Saul Zaentz

Saul Zaentz carved a niche in film with accomplished, often critically acclaimed adaptations of novels and plays. A child of immigrant parents, the New Jersey native had originally planned to open a chicken farm after ... Read more »
Born: 02/27/1921 in Passaic, New Jersey, USA


Producer (8)

Goya's Ghosts 2007 (Movie)


The English Patient 1996 (Movie)


At Play in the Fields of the Lord 1991 (Movie)


The Unbearable Lightness of Being 1988 (Movie)


Amadeus 1984 (Movie)


The Lord of the Rings 1978 (Movie)


Three Warriors 1976 (Movie)


One Flew Over the Cuckoo's Nest 1975 (Movie)

Actor (4)

Fog City Mavericks 2007 - 2008 (TV Show)


Saul Zaentz 1998 - 1999 (TV Show)


The 69th Annual Academy Awards 1996 - 1997 (TV Show)


Milos Forman: Portrait 1989 - 1990 (TV Show)



Saul Zaentz carved a niche in film with accomplished, often critically acclaimed adaptations of novels and plays. A child of immigrant parents, the New Jersey native had originally planned to open a chicken farm after his service in WWII, until he spent six weeks actually working on one. Instead, he migrated first to St Louis, where he took business courses, and eventually landed in San Francisco, where he secured work in the music industry. After moving up from distribution through packaging concert tours, Zaentz went to work at the San Francisco-based Fantasy Records. Originally specializing in jazz and cabaret comics like Lenny Bruce and Mort Sahl, Fantasy grew in the 1960s thanks in large part to a series of hit singles by Creedence Clearwater Revival. Despite persistent bad blood between himself and many of the artists who recorded for Fantasy Records, most notably Creedence leader John Fogerty, about the label's business practices, Zaentz then moved into an extremely successful career as a film producer that netted three Best Picture Oscars in three decades, plus an Irving G. Thalberg Award, before his death in 2014.

With this success, and now based in Berkeley, Zaentz made an auspicious entry into feature film production with Milos Forman's "One Flew Over the Cuckoo's Nest" (1975). Starring Jack Nicholson and based on Ken Kesey's underground classic, the film became one of the biggest--and unlikeliest--critical and commercial smashes of the day, becoming the second picture to earn Oscars in the top five categories, including one for Best Picture Oscar for Zaentz and co-producer Michael Douglas.

Zaentz's subsequent efforts, often literary adaptations, have been infrequent, but usually been worth the wait. A reteaming with director Forman in 1984 on "Amadeus", based on Peter Shaffer's play about Mozart, yielded a second Best Picture Oscar. Philip Kaufman's "The Unbearable Lightness of Being" (1988), featured strong central performances from Daniel Day-Lewis and Juliette Binoche and introduced Lena Olin to American audiences. He stumbled with the adaptation of "At Play in the Fields of the Lord" (1991), directed by Hector Babenco. While the film has much to admire, its length and subject left audiences cold and resulted in a loss of some $20 million, a costly one for the producer. Zaentz, however, rebounded with Anthony Minghella's "The English Patient" (1996), a stirring epic with stunning visuals and brilliant performances, adapted from Michael Ondaajte's novel. The film earned 12 Oscar nomination and won a total of nine, including Best Picture. For his overall efforts, Zaentz was also selected by the Academy of Motion Picture Arts and Sciences to receive the 1996 Irving G Thalberg Award.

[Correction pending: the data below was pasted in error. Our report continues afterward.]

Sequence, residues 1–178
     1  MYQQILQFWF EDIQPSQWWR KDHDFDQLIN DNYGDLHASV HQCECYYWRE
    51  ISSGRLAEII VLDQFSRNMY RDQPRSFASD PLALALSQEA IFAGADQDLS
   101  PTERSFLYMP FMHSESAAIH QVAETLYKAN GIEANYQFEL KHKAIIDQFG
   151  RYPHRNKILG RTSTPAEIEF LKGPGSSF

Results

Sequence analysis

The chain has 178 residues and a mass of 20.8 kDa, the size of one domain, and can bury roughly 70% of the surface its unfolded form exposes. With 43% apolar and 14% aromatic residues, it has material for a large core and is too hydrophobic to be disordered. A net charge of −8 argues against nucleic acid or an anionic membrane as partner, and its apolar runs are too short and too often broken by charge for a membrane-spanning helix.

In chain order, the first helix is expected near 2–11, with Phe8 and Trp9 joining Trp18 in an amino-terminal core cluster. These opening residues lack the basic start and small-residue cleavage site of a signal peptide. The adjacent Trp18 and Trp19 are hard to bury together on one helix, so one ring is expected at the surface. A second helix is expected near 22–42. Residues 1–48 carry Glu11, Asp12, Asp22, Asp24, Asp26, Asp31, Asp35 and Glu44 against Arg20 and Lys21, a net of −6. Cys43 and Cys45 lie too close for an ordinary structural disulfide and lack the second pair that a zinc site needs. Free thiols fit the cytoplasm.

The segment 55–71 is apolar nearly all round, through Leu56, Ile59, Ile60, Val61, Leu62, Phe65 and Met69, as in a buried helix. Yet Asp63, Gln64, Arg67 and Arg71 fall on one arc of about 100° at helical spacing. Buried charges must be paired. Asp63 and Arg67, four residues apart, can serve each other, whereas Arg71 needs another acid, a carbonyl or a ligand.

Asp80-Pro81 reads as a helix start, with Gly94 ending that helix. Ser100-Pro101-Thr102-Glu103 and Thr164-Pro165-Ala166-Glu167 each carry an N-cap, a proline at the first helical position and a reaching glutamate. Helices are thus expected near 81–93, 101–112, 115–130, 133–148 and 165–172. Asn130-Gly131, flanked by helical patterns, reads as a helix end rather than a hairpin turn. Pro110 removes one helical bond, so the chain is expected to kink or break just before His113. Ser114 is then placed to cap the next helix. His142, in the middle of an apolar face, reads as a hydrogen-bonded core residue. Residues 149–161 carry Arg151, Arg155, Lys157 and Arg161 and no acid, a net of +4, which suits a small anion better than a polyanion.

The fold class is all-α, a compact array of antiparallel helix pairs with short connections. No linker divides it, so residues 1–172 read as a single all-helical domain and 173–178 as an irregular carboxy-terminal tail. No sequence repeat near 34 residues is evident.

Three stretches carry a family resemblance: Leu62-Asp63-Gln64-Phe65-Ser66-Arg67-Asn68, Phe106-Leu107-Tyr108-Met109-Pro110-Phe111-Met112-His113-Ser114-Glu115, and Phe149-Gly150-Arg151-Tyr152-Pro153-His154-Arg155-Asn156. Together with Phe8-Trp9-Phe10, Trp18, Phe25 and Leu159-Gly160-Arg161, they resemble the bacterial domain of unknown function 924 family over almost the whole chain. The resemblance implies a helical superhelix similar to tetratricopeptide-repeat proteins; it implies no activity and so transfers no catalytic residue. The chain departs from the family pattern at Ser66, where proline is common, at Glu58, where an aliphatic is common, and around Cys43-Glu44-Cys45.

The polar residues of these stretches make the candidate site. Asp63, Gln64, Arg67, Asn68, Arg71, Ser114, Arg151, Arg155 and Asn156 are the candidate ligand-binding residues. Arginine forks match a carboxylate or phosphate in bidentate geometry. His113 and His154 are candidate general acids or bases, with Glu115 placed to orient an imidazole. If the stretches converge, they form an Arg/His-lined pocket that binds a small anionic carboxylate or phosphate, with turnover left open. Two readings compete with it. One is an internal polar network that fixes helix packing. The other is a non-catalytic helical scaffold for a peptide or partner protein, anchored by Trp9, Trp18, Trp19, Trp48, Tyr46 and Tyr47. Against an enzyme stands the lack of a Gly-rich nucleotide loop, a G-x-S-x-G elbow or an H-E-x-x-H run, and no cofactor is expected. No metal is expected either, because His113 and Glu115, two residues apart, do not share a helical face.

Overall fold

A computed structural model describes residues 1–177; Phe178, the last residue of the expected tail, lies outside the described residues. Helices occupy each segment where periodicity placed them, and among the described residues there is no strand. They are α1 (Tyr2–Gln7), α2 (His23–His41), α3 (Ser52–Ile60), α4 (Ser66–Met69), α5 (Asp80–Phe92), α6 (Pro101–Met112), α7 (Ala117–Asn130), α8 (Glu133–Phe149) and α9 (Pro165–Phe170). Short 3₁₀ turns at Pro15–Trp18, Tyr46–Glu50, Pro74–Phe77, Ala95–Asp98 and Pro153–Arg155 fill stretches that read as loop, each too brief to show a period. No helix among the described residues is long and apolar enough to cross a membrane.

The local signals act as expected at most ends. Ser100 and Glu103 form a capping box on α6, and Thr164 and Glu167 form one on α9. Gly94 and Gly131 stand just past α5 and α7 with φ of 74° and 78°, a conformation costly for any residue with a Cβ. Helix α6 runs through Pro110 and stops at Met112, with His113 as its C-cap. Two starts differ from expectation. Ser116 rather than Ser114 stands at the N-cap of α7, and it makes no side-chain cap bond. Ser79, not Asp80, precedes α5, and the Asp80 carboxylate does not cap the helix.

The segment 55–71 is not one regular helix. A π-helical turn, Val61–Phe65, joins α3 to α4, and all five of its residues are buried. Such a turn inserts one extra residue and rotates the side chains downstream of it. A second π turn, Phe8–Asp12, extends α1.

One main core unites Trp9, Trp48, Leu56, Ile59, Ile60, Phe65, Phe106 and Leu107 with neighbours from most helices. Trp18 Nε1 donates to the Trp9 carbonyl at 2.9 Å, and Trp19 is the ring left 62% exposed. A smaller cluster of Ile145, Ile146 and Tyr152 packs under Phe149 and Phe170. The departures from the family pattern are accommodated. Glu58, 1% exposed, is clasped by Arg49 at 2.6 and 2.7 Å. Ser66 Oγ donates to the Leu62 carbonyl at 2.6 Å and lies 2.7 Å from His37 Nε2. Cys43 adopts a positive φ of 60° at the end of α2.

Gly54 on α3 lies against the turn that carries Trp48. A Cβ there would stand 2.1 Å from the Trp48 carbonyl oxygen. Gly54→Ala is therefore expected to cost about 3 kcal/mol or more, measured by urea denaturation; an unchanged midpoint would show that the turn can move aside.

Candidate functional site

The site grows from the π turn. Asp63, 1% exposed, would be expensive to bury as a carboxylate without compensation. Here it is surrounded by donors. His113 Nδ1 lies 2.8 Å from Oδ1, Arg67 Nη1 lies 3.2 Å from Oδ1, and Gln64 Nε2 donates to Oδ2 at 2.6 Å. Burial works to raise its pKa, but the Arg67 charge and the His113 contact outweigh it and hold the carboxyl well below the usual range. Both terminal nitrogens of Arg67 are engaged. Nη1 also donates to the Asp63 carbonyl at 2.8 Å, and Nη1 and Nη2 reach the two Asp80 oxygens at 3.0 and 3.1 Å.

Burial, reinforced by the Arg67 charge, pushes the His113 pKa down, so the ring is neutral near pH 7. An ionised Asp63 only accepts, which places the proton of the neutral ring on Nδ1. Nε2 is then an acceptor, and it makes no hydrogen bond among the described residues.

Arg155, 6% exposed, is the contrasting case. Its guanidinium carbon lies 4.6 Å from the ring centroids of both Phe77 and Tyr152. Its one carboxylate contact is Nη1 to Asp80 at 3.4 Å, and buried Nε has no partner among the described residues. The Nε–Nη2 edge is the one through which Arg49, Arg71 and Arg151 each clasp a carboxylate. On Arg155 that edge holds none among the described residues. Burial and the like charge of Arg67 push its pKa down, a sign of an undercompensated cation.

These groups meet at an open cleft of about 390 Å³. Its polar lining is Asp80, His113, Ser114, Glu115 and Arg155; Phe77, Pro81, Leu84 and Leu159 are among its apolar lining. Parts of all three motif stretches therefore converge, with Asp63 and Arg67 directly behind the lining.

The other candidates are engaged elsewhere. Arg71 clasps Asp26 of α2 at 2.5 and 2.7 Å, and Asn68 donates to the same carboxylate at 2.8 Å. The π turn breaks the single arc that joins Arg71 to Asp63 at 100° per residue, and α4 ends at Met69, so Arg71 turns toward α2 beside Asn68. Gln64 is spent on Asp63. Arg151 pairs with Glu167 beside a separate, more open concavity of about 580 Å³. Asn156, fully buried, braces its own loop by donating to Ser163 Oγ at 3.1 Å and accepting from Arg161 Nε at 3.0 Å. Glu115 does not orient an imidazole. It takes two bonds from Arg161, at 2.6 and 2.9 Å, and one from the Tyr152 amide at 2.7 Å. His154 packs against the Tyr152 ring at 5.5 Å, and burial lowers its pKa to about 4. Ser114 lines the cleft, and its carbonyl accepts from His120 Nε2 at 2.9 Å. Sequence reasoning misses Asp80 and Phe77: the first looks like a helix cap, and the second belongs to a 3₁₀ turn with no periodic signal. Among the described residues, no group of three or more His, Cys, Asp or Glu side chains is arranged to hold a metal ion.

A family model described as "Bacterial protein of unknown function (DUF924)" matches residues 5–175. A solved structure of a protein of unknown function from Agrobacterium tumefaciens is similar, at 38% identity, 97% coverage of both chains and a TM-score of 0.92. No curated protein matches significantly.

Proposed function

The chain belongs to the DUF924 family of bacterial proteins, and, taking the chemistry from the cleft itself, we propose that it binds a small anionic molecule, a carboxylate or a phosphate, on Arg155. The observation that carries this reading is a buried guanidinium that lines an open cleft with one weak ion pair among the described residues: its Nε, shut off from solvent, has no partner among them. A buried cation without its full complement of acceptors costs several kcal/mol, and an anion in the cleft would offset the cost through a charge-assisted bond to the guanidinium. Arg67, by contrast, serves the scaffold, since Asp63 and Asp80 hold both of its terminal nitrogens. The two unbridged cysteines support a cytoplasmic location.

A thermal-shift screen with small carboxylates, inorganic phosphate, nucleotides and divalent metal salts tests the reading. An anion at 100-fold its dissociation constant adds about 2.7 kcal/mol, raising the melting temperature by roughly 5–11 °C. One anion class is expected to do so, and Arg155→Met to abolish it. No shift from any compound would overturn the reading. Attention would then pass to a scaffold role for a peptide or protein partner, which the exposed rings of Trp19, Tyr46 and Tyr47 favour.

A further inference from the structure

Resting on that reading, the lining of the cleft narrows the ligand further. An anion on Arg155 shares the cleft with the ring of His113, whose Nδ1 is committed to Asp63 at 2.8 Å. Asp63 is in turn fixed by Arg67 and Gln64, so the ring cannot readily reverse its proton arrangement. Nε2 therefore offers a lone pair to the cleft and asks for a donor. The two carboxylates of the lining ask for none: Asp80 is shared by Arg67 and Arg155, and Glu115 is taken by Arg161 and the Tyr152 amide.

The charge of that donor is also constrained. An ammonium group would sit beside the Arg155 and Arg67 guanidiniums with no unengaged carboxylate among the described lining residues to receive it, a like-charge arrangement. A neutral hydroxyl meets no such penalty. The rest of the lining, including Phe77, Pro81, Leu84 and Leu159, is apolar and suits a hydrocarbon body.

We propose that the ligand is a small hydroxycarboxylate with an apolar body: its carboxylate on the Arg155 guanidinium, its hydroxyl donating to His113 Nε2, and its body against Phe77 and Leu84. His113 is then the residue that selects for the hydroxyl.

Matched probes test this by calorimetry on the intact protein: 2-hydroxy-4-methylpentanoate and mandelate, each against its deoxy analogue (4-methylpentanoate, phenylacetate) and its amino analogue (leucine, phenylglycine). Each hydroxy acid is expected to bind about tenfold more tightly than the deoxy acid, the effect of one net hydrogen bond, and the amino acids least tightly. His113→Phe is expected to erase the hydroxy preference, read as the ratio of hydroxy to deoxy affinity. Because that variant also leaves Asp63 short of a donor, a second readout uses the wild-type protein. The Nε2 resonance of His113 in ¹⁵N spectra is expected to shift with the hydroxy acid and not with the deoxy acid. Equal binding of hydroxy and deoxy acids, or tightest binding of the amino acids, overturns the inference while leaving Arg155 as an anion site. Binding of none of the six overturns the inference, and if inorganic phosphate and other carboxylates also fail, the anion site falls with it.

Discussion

In the early 80s, he founded the Saul Zaentz Company Film Center, a post-production sound facility, that has become a valuable resource for the northern California filmmaking community. Saul Zaentz died on January 3, 2014, nine years after the release of his final film as a producer, "Goya's Ghosts" (2005), his third collaboration with Forman.


Rutgers University

New Brunswick , New Jersey

took business courses in St Louis, Missouri in the 1940s



As co-producer, reteamed with Minghella for "The Talented Mr. Ripley"


Had a critical and box-office success with Anthony Minghella's film version of "The English Patient", adapted from Michael Ondaatje's novel


Had major financial failure with "At Play in the Fields of the Lord"


Reteamed with Forman for the film adaptation of Peter Shaffer's play "Amadeus"


First film for own production outfit, The Saul Zaentz Company, "Three Warriors"


First feature as co-producer, "One Flew Over the Cuckoo's Nest", directed by Milos Forman


Purchased Fantasy Records with a group of investors


Joined Fantasy Records as manager

Raised in Passaic, New Jersey

Served in the US Army during WWII

Moved back to NYC to work with Norman Granz on his jazz label; also booked concert packages

Worked for a record distributor

Announced as one of the executive producers (along with Harvey and Bob Weinstein) of Peter Jackson's trilogy of films based on JRR Tolkien's "The Lord of the Rings", filmed back-to-back in 2000; "The Fellowship of the Ring" (2001), "The Two Towers" (2002)

Moved to St Louis, Missouri after the war; eventually headed farther west to San Francisco

Bonus Trivia


"Saul is extremely unusual in that he's hung onto a generosity of spirit in a murderous business." --Ralph Fiennes in THE NEW YORK TIMES, December 3, 1995


". . . oneof my maxims is, Don't kick yourself in the ass the rest of your life saying, 'I should have done THIS.' That way, you're still heartbroken, but you can live with it." --Saul Zaentz quoted in ENTERTAINMENT WEEKLY, November 22, 1996